Contrary to popular belief, the Countach was not a supercar.
Words: Peter Orosz | Picture: Máté Petrány
This, dear reader, is ground zero. But certainly not of cars.
You may wonder why. This is, after all—
—an Italian supercar named after a wolf whistle.
But then consider that the automobile as a form of progress reached its zenith in 1965. This was the year when a band of twentysomething tinkerers demoed a piece of tubing with an engine in Geneva, which another twentysomething later turned into the Lamborghini Miura.
The Daytona may have been the better car and the Ghibli may have been more aristocratic. However, it was the Miura which prompted L. J. K. Setright to coin the word supercar.
Casual observation may classify the Countach as merely the next outrageous act of Ferruccio Lamborghini’s team of punks, the yin to the Miura’s yang, a study in straight lines instead of curves. This, however, is not the case.
Take in the whole and you will see that the Lamborghini Countach was clearly meant for deepspace travel.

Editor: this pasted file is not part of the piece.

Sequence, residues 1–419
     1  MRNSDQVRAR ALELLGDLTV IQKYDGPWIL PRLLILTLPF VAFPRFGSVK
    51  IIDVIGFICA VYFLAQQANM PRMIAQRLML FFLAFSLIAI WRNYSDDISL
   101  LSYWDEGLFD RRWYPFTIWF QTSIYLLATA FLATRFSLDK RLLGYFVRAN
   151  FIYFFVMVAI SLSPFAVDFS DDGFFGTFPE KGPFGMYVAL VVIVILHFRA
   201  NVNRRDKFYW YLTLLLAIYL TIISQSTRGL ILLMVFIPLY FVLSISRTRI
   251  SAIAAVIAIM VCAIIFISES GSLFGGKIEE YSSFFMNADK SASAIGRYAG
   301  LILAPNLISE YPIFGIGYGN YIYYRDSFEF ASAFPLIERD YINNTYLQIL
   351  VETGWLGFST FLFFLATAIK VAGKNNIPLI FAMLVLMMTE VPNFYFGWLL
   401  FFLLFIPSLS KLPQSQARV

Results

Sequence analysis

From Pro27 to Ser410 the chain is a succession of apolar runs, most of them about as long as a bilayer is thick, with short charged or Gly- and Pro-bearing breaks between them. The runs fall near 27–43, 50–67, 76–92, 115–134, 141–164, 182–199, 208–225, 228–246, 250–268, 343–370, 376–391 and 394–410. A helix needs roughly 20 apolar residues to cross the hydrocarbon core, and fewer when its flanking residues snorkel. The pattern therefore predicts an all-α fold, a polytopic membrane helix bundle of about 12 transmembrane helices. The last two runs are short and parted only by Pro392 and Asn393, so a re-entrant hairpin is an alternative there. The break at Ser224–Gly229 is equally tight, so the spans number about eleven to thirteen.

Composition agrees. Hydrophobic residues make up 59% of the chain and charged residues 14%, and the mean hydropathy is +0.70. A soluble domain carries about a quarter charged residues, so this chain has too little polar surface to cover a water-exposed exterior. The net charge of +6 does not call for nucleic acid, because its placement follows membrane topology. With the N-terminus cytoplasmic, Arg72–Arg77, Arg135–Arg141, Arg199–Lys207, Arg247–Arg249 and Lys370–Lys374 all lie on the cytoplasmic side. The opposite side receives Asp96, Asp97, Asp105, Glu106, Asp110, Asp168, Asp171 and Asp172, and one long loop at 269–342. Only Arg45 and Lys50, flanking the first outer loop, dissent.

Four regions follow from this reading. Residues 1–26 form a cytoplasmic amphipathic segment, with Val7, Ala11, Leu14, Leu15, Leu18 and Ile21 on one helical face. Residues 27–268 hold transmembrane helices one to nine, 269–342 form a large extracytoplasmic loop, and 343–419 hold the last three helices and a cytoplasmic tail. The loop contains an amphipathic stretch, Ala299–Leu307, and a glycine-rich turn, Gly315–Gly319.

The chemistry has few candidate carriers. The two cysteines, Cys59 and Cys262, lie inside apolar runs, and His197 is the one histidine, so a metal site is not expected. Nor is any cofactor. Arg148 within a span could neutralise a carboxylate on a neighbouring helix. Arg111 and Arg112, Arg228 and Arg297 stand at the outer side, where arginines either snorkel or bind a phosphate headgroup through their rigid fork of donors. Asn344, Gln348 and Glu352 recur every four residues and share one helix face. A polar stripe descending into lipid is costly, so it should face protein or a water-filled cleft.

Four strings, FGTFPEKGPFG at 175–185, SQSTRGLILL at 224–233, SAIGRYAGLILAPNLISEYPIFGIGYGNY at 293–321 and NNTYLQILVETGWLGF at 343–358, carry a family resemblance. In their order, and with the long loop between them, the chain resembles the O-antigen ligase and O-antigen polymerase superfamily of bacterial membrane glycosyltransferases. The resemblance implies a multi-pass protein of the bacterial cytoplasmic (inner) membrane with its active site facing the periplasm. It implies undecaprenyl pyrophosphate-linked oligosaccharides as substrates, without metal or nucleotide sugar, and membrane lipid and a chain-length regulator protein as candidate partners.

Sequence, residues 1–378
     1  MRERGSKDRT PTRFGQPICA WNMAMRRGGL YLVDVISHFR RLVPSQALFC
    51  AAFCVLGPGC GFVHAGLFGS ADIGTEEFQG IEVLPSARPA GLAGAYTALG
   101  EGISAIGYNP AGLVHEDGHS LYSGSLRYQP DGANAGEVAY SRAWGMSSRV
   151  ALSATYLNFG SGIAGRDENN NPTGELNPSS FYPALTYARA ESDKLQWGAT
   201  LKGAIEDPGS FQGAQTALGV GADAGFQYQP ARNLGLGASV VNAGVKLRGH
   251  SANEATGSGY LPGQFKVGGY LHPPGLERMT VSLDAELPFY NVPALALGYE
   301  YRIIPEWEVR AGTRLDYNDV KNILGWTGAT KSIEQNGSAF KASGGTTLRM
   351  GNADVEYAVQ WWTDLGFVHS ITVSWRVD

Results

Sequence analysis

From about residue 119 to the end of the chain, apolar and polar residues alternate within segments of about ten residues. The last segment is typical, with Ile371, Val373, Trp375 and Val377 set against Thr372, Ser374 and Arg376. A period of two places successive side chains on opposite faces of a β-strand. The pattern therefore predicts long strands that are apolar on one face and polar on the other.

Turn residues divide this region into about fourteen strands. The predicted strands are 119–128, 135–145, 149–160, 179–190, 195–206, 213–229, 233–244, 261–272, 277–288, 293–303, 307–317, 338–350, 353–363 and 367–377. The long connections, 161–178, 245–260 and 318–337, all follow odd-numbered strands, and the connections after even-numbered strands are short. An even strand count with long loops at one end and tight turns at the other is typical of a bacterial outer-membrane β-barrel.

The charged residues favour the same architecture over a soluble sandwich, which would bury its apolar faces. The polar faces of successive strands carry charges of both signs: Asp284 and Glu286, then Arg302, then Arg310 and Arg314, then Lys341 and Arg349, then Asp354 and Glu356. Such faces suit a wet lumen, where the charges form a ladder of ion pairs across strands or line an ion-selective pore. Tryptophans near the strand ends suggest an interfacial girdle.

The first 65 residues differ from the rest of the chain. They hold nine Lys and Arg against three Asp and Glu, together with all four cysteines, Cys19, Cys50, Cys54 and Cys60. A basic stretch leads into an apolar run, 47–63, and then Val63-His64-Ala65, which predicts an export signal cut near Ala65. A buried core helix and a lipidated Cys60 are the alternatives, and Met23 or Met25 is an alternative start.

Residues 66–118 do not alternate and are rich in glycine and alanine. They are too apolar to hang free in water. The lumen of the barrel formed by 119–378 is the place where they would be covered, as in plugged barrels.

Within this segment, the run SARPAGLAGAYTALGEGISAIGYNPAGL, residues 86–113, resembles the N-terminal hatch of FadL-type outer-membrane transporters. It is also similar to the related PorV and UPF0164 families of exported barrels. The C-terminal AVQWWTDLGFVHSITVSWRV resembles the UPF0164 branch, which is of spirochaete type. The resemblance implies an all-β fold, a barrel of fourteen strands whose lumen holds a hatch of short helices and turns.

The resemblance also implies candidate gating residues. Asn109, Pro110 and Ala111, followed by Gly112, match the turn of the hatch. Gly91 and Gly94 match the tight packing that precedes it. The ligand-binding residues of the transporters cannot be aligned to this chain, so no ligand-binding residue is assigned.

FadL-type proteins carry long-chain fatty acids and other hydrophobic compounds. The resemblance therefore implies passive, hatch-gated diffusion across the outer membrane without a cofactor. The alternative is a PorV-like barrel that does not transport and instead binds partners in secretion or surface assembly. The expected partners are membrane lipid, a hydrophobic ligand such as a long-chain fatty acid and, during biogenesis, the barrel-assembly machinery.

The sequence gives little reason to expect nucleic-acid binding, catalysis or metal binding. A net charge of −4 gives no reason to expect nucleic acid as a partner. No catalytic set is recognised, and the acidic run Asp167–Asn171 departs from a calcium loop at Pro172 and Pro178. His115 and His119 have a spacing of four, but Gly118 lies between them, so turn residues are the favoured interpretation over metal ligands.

It may have been powered by a twelve-cylinder engine and it may have required leaded petrol for operation, but that was all smoke and mirrors. A Countach can only stretch its legs in the outer reaches of the atmosphere and it does not feel quite all right until you pass the rings of Saturn.
A Countach on asphalt is an albatross about the motorist’s neck. Mocked for its clumsiness, its clutch that requires a Schwarzeneggerian quadriceps, its lack of rear view.
Men have witnessed albatrosses take off from Kerguelen Island and cruise the Southern Ocean for weeks but has no one in thirty-seven years bothered to reach into the driver’s footwell and press the button marked spazio?
Maybe the Italian space industry is simply too secretive.
After all, have you ever seen a Countach with its rocket engines exposed?
∞ Published on Wednesday, July 16th, 2008